2017: LD 347 128th Maine Legislature
Senator Katz’s repeated attempt in the 128th legislature, LD 347, An Act To Support Death with Dignity, successfully passed the Senate by a single vote (with amendments carried from Representative Parker’s LD 1066, An Act to Promote life with Dignity.). LD 347 missed in the House (61 – 85) shortly after then-governor LePage publicly announced he would veto the bill. Senate Roll Call and House Roll Call.
2019: LD 131 129th Maine Legislature
Sponsored by Representative Patty Hymanson (D), York, a retired neurologist, LD 1313, An Act to Enact the Maine Death with Dignity Act, included a number of additional safe-guards. The bill enhanced Senator Katz’s previous efforts and sent a clear, consistent message regarding Maine’s readiness for a Death with Dignity law. When LD 1313 passed, Maine joined Oregon, Washington, Vermont, California, Colorado, Washington DC, Hawa’ii, and New Jersey as the 9th U. S. jurisdiction with a law, and the 10th jurisdiction recognizing end of life liberty for competent, terminally ill adults who qualify (Montana protects patient rights by state constitution.). Senate Roll Call and House Roll Call.
The Referendum Effort of 2018 – 2019
Initial language for LD 1313 was provided by Maine Death with Dignity’s referendum petition, An Act to Enact the Maine Death with Dignity Act, issued on May 7, 2018. Maine Death with Dignity, a grassroots volunteer effort, determined to pass a law and turned to the citizen’s initiative process shortly after LD 347 failed. Senator Katz and Representative Hymanson helped grassroots leaders draft the initiated bill, and upon Representative Hymanson’s re-election in November of 2018, she decided to attempt one more legislative effort prior to the initiated bill going to ballot.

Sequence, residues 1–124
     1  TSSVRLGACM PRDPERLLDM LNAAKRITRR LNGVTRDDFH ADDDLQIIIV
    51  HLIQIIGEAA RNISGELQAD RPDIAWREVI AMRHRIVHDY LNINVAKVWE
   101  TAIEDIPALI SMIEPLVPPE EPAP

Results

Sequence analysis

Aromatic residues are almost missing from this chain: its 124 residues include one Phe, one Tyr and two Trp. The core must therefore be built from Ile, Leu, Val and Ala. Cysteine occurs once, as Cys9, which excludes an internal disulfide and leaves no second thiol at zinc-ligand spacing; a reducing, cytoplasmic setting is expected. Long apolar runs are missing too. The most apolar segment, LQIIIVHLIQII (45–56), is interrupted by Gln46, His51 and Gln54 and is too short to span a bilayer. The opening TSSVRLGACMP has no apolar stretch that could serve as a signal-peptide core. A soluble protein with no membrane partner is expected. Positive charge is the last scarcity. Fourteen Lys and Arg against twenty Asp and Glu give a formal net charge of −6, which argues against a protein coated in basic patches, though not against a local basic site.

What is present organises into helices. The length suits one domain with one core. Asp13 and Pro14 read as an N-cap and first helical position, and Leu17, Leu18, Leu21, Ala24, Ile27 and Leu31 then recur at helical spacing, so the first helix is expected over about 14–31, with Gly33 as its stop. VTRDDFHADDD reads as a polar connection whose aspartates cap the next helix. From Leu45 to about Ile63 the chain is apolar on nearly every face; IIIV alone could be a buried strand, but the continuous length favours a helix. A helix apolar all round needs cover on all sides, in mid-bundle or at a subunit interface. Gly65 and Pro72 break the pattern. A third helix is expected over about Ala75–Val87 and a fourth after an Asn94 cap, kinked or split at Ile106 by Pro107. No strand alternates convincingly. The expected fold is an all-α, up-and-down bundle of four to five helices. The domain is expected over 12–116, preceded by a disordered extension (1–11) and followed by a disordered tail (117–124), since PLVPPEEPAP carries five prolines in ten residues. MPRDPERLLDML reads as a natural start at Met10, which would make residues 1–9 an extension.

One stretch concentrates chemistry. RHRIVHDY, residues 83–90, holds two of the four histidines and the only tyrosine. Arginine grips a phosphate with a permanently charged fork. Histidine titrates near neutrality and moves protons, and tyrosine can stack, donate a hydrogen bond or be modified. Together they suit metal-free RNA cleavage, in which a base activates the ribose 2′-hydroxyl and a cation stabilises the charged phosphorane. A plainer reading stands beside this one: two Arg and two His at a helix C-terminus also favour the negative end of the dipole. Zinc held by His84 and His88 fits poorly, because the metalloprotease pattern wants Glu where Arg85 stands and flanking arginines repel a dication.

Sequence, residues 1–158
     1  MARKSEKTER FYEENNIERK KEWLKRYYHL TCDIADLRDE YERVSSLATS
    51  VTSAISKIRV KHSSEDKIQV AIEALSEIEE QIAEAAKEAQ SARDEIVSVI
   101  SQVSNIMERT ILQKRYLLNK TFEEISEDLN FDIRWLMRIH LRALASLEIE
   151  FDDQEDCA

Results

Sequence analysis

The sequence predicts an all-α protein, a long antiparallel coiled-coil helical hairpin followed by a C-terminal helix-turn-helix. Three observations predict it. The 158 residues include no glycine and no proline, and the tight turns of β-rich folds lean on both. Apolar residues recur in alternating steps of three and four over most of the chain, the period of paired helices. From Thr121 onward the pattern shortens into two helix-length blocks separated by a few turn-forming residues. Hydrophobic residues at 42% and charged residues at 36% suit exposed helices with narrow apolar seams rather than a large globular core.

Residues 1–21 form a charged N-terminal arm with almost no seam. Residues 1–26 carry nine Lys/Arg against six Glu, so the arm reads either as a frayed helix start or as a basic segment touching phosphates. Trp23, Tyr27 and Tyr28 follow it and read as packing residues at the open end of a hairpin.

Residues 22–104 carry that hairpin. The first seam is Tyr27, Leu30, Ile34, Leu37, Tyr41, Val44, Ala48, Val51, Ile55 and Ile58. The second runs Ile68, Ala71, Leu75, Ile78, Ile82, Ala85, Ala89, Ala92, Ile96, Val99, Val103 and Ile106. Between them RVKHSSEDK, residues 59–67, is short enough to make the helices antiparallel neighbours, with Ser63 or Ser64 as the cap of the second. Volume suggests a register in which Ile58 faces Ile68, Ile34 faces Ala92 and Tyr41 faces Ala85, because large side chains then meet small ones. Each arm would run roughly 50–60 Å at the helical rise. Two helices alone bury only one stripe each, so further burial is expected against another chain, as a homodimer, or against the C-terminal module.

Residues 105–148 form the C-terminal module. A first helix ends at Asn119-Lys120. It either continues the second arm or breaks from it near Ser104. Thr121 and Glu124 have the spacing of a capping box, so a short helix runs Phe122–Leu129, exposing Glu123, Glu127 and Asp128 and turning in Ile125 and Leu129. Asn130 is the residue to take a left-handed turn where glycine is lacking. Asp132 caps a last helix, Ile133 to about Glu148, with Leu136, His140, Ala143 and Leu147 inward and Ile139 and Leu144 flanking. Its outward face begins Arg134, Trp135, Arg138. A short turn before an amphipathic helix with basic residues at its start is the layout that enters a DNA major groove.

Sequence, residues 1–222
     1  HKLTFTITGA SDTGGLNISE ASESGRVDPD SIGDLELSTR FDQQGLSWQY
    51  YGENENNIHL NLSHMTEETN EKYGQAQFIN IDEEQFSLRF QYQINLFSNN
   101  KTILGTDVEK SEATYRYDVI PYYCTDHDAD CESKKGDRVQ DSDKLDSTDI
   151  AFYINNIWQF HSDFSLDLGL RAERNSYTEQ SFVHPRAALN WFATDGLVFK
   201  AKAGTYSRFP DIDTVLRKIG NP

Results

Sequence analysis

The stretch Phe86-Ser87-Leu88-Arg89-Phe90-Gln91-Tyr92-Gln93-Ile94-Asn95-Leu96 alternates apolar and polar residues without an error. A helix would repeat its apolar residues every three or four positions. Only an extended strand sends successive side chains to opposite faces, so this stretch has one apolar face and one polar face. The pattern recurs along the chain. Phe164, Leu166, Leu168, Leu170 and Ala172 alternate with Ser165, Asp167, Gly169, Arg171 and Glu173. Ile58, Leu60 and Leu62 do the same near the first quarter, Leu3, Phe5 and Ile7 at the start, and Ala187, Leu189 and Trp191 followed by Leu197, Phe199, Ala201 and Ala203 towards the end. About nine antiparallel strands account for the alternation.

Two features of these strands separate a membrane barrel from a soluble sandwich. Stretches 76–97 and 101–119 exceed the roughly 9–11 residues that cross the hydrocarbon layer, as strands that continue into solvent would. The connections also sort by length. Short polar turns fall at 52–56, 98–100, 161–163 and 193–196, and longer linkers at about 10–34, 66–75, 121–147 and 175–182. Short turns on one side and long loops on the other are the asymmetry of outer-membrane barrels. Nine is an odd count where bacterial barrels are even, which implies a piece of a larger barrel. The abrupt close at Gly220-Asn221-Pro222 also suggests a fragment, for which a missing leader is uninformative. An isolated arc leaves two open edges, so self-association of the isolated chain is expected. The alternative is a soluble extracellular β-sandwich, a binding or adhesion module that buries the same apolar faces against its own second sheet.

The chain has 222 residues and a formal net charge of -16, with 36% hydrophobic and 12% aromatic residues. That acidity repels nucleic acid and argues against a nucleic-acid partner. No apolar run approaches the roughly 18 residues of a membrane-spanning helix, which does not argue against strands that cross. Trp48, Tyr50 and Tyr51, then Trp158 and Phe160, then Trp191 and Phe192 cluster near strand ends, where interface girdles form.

Between June 2018 and April 2019, Maine Death with Dignity gathered over 77,000 (72,079 valid) Maine voter signatures for the initiative (only 63,067 were required). The group prepared for submission to the Secretary of State’s office while LD 1313 made it’s way through the legislature during the spring of 2019.
The Legislature Effort
Representative Hymanson’s bill passed the House, 72-68 on May 28, 2019. It followed in the Senate on May 31, 2019, passing 19-16. On June 3, 2019, debate over the bill began anew for the final reading, causing both chambers to vote again for enactment. When the dust settled, LD 1313 passed the House, 73-72. In the final Senate hearing on June 4, 2019, the bill passed as before. The bill was sent to Governor Janet Mills for signature and she signed it into law on June 12, 2019 after a brief period of deliberation.
Less than 7 days later, opposition filed a citizen’s veto application with the Secretary of State’s office.
The Maine Death with Dignity Act went into effect on September 19, 2019 after the veto effort failed to gather the required number of signatures for submission.
The State of Maine worked diligently under an executive order from Governor Janet Mills to ensure that emergency rules to support the new act were in place by September 19, 2019.